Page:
Driving & Anxiety

drivinganxietyToday I wanted to talk about something a little different, and something that I’ve dealt with for the past several years. I don’t know if I’ve ever mentioned it here on the blog, but ever since I learned how to drive, driving has more or less terrified me. I got my license as an 18 year old, but hated driving so much that I managed to avoid it most of the time. In college I lived in a small town where most things were in walking distance, and when they weren’t I had friends who were willing to take me places. The thing that I think always scared me in regards to driving is the aspect of control. The feeling that I’m responsible for keeping myself and other people safe is not one that I enjoy, especially when it seems that mistakes can be made so easily.

As I’ve gotten older, I’ve gotten more and more uncomfortable with having to rely on other people to be my transportation, and a couple of months ago I decided it was time to stop letting my fear control how I lived my life, because that’s what it had turned in to. To get myself back behind the wheel, I had to take control of my thoughts. I recently listened to a podcast that resonated with me in which one of the speakers said that it was important to actually be aware of what you are thinking and your thought processes. This is a great first step to controlling them instead of letting them control you. I started to notice that when I thought about myself driving at all, I only thought of potential catastrophes, not potential successes. I also noticed that when my plans to practice driving fell through for some reason, I felt relieved that I didn’t have to take a risk, rather than disappointed that I didn’t have a chance to learn something.

I’m so happy to say that I’ve actually started to make progress, and that this past week I’ve driven more than I have since I was practicing for my driving test five years ago. Each time I go out on the road, it gets a little easier, and I get a little more confident. I’ve had to implement a few strategies to help myself move forward, and I thought I’d share those with you all today.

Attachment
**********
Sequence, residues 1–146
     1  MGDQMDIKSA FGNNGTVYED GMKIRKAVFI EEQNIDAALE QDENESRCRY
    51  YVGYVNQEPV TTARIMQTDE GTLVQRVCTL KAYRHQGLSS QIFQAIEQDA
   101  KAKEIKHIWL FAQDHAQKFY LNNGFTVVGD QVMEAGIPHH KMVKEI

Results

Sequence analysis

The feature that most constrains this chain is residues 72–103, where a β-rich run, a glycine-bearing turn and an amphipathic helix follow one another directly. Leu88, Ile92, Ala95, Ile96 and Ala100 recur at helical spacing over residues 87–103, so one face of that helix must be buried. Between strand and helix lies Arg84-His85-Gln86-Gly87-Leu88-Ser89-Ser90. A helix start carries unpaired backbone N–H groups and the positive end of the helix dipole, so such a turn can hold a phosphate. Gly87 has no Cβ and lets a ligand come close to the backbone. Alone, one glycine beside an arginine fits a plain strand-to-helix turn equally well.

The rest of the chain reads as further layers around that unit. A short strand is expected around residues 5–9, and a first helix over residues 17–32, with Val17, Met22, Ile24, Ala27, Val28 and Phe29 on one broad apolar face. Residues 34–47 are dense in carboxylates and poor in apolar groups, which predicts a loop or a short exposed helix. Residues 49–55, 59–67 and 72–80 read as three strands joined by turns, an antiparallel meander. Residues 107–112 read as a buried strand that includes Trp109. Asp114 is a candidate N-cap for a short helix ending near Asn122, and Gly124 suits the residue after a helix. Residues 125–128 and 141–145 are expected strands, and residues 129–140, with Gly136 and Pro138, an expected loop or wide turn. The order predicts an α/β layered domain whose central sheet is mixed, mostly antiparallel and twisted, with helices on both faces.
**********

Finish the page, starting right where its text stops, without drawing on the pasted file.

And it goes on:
I’ve been working on replacing my negative thoughts with positive thoughts. Every time I think about something bad potentially happening, I make myself go through the process of thinking about driving to a location safely. This helps to balance out the fear with confidence.

I’ve also been working on consistency in driving. This means I’m driving at least a few times a week because the more I can practice, the better I will get and the more comfortable I will be.

Finally, I’ve been trying to make my car a peaceful place. For me, this means making it a good temperature and playing the classical music station in the background. I also use stoplights as an opportunity so breathe and calm down.

The truth is something bad could happen no matter what I’m doing, even if I lock myself inside and never go anywhere, and I’m glad that I’m finally starting to move past something that’s been inhibiting me.

I don’t know if this post will be relatable to anyone who reads my blog, but it’s something I’ve been dealing with, and thankfully overcoming, so I wanted to share it with you. I’ll be sure to report back on my progress in the future!

Have you dealt with specific fears or anxieties? What were some ways you overcame them? I’d love to hear!

7 thoughts on “Driving & Anxiety